Sunday, August 24, 2008

He does because?

I joined my family happily eating in the hotel's breakfast room. The girls with their waffles and fruit and my husband with his sausage gravy dumped over biscuits. Internally I cringe. Knowing that will eventually make him ill later on in the day. I could see it play out in my mind, he begins to feel a little odd and he will wonder out loud "Why am I feeling so bad?" It's a game to him.

As I sat down I asked about everyone's breakfast. The girls eagerly filled me in on the yummy waffles. I turned to Keith, eyebrow raised, not saying a word. My eyes dropped to his plate and back to him. He knows I'm thinking "What in the heck are you doing eating this right before we drive 500 miles home?" He looks at me and says "I eat biscuits and gravy so I can be beautiful."

And we all know beauty comes at a price.

2 comments :

Sydney said...

My husband is the same way! I need to do some actual documentation to prove it to him (not that it'll make a difference), but he cannot eat tomato sauce + sausage/spicy or heavy meat without feeling terrible later. It even happens if we have spaghetti bolognese one night and sausage the next with no tomato sauce the next (or the reverse order). He refuses to believe that delicious tomato sauce is the cause of his woes. "But it didn't happen last time we had pizza," he says. "Not that you remember, do you?" I rejoin. He rolls his eyes and does his "that is a very annoying thing to say" glare. And I do my, "Yeah, that's what I thought" gloat. And he eats what he wants anyway because he's an adult and I'm not his mother. Oh sure, when he feels terrible later, he's all ears for whatever suggestions I care to make. Food diary to positively identify the culprits? Yes, let's do it! No more red sauce/sausage within two days? I couldn't eat it again if I wanted to, the memory is ruined!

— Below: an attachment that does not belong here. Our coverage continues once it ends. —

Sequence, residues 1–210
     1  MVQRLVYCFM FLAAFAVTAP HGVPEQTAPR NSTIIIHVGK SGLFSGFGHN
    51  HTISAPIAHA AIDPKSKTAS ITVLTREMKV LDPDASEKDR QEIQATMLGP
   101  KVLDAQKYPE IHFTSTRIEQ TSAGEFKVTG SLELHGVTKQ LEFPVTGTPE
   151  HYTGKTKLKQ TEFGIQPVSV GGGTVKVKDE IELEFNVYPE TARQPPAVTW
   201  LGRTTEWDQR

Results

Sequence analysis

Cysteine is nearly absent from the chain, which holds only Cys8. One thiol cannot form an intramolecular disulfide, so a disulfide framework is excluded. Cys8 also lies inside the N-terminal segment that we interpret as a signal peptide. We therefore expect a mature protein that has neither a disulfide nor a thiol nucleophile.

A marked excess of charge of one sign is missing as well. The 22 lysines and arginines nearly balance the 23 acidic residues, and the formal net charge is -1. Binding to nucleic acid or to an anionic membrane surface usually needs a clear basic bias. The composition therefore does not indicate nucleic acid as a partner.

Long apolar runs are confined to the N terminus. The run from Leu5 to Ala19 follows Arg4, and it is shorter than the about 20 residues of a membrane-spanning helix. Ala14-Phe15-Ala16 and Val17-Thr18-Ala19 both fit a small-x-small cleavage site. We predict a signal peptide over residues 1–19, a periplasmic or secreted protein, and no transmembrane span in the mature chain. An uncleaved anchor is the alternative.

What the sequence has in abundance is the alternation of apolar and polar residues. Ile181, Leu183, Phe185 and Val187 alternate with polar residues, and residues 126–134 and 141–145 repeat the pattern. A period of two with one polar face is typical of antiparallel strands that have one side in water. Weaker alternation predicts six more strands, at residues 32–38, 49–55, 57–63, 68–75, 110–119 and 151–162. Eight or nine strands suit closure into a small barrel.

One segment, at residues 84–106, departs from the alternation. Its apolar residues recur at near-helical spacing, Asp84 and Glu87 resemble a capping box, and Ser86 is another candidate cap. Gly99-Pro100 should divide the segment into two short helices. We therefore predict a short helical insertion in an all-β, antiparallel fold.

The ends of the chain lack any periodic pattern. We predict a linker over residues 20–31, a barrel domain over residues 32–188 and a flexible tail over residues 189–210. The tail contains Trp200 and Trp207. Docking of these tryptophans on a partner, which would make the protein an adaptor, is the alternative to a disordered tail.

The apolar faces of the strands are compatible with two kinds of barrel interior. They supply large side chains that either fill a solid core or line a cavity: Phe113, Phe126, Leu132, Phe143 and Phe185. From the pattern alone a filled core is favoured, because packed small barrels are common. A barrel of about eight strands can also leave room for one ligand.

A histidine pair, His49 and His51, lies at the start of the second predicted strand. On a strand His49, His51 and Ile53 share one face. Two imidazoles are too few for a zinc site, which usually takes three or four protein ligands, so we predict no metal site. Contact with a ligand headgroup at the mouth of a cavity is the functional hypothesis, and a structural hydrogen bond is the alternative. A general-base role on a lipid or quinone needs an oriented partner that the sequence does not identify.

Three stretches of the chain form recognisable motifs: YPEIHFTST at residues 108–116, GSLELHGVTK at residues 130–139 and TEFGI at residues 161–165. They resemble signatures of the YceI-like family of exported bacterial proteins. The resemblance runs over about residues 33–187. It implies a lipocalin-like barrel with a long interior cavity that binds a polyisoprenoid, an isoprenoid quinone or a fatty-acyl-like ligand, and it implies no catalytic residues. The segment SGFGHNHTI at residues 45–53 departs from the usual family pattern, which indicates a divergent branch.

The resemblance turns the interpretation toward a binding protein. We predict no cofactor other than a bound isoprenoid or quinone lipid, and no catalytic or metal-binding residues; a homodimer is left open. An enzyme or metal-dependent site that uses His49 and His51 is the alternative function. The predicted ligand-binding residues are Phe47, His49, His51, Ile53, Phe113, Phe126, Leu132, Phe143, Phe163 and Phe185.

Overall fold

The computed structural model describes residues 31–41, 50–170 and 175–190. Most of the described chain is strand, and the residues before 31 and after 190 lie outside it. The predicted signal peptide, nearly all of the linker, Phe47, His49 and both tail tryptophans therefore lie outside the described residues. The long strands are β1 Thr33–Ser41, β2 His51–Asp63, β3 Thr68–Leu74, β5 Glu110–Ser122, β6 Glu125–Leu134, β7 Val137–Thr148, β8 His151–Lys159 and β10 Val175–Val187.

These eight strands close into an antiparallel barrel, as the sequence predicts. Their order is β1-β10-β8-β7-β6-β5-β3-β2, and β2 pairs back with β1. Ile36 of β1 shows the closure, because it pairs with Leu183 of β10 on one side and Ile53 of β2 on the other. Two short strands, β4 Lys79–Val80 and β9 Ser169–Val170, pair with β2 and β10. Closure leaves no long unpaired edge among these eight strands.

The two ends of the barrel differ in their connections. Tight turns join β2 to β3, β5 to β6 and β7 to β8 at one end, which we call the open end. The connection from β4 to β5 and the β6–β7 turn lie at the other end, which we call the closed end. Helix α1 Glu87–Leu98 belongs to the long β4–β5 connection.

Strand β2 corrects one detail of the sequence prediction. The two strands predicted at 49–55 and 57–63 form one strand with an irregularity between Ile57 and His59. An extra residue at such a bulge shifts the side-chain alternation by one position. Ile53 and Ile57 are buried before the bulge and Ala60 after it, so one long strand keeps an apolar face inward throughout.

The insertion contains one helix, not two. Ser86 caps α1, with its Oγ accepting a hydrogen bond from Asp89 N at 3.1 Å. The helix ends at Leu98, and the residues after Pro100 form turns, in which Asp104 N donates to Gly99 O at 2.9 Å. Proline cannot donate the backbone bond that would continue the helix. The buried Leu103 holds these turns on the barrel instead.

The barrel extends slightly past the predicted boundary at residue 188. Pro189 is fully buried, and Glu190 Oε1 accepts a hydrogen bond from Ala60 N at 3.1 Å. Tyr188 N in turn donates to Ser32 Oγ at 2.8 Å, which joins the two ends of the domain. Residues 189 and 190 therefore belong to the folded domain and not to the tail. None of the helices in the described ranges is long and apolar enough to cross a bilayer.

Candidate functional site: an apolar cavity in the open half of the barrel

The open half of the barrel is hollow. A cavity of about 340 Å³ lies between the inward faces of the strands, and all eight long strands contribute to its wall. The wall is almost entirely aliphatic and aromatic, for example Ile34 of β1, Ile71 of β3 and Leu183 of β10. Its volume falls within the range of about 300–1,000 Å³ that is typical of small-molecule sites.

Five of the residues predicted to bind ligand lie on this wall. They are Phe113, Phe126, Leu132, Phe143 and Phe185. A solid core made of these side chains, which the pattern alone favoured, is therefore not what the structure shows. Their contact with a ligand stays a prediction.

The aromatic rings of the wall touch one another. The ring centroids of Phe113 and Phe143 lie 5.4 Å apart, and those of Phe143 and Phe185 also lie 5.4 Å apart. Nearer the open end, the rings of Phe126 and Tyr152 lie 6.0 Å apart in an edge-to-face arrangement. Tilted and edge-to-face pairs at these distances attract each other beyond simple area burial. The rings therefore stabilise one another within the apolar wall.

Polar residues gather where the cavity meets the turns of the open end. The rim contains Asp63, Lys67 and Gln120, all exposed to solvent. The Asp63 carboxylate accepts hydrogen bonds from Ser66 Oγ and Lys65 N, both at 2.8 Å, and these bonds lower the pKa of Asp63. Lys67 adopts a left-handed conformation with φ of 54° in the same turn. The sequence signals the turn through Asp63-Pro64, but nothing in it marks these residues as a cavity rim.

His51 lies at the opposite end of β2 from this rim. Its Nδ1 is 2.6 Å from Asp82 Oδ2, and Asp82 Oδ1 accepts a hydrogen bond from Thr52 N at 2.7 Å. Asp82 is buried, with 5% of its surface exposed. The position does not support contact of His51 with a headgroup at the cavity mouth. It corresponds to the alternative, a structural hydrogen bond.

I love Keith's response. It's positive; it's teasing; it's the response of a man who desires to keep the peace as well as do what he wants. Also, it's clever. Which is a always good lesson for children: if you want to get your way, you should be clever, funny and kind rather than a big jerk box who yells and makes crazy accusations. (That is, of course, the modus operandi of every teenager ever. Like my coworker's daughter, who interprets her soccer coach's complements to other players as silent, secret insults to her. Just, wow.)

Yvonne said...

One of these days our Boys have to meet. For some reason I think there are many similarities, they'd get along well. And if not then they could play computer games and eat bad for them food together.